The Mexico City temple is unique architecturally in that it draws on the Mayan Revival Style. From Wikipedia “Though the name of the style refers specifically to the Maya civilization of southern Mexico and Central America, in practice, this revivalist style frequently blends Maya architectural and artistic motifs ‘playful pilferings of the architectural and decorative elements’ with those of other Mesoamerican cultures, particularly the Central Mexican Aztec architecture styling from the pre-contact period as exhibited by the Mexica and other Nahua groups. Although there were mutual influences between these original and otherwise distinct and richly varied pre-Columbian artistic traditions, the syncretism of these modern reproductions is often an ahistorical one.” Evidently Frank Lloyd Wright, among others, drew on this style, but frankly when presented with examples of Mayan Revival Style I can’t really draw much of a common thread between them (probably due to my own lack of artistic sense), so to be more direct I just asked GPT-4 to list me some examples of Mesoamerican architecture that look like the building in the picture. It just give me the greatest hits of Mesoamerican architecture in general, but still the comparisons are elucidating. The LDS temple in the image is the Mexico City Mexico Temple, and it has been mentioned that its design is influenced by ancient Mesoamerican architecture. Here are a few Mesoamerican structures that share similarities with the architectural style of the Mexico City Mexico Temple: Teotihuacan: The ancient…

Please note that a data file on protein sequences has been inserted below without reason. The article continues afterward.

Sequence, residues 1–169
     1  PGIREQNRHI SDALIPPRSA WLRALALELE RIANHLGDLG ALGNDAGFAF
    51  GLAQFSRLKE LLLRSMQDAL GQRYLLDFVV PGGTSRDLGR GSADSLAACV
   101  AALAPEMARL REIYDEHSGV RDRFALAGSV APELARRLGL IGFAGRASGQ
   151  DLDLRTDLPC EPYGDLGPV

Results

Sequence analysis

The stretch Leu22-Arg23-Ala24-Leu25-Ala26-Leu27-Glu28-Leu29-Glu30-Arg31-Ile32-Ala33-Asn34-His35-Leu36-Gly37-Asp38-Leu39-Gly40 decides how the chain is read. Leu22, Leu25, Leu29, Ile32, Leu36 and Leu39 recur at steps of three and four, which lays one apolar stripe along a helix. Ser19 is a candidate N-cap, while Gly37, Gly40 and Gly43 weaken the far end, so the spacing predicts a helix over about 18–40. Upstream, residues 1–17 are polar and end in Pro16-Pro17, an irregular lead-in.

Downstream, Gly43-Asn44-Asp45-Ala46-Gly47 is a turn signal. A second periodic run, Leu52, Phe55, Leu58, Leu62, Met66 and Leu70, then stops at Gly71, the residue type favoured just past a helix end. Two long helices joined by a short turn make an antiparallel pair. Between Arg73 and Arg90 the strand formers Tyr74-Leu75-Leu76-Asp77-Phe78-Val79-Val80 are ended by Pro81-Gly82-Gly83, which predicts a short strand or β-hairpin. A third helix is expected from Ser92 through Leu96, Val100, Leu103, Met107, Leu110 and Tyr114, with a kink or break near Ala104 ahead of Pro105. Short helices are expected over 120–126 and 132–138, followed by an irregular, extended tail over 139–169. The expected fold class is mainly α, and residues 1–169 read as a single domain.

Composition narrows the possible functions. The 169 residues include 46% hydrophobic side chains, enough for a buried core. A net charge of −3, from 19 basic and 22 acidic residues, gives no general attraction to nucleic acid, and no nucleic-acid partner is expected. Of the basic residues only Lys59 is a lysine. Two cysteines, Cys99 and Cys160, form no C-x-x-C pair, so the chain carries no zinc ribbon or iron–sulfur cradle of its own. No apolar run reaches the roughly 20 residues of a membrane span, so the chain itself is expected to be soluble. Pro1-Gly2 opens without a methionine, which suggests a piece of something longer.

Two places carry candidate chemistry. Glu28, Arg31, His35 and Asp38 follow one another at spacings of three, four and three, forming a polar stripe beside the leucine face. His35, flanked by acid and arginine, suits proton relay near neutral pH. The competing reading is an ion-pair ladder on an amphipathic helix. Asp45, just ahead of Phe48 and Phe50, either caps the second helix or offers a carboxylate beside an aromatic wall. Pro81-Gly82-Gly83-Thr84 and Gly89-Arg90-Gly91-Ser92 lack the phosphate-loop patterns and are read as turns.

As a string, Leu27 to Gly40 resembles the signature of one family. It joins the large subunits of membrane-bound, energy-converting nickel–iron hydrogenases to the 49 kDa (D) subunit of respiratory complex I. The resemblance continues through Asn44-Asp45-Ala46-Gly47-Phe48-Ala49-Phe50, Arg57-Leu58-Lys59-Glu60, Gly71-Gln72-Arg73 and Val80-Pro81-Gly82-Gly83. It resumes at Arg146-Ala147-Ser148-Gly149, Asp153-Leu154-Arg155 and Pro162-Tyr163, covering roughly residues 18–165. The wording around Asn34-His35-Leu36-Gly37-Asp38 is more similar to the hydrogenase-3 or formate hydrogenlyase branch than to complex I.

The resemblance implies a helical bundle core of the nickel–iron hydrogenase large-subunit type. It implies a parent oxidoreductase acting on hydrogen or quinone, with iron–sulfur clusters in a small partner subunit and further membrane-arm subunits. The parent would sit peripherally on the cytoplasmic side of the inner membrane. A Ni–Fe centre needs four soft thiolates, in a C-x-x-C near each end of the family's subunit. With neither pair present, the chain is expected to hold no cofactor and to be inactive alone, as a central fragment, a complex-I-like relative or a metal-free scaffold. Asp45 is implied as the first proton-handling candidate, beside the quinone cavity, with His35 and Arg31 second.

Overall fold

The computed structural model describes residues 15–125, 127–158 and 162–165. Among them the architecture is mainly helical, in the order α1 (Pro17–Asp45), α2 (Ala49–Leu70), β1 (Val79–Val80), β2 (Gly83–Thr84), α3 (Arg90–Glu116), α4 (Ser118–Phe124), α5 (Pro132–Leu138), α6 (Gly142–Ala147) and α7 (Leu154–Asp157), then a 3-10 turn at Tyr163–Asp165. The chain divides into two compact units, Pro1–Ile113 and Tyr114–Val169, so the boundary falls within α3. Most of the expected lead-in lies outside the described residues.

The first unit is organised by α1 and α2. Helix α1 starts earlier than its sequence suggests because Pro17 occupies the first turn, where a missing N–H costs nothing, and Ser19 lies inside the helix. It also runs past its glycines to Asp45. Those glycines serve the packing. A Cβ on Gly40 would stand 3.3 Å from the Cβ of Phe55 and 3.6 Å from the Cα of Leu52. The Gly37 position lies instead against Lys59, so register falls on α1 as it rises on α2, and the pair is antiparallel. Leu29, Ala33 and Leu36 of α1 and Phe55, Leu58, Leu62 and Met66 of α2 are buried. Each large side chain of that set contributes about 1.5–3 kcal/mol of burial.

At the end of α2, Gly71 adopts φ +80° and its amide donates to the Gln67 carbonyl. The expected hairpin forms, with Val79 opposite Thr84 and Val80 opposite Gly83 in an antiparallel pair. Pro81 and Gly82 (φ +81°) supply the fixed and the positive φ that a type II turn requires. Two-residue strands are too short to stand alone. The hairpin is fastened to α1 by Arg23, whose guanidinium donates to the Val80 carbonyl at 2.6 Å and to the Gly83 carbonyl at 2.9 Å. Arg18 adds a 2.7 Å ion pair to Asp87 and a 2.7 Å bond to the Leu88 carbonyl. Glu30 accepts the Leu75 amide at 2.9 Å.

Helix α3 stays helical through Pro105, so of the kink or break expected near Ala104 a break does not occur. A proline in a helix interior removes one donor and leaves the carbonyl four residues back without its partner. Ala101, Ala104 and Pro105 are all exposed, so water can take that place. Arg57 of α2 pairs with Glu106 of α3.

A Catholic-to-LDS Dictionary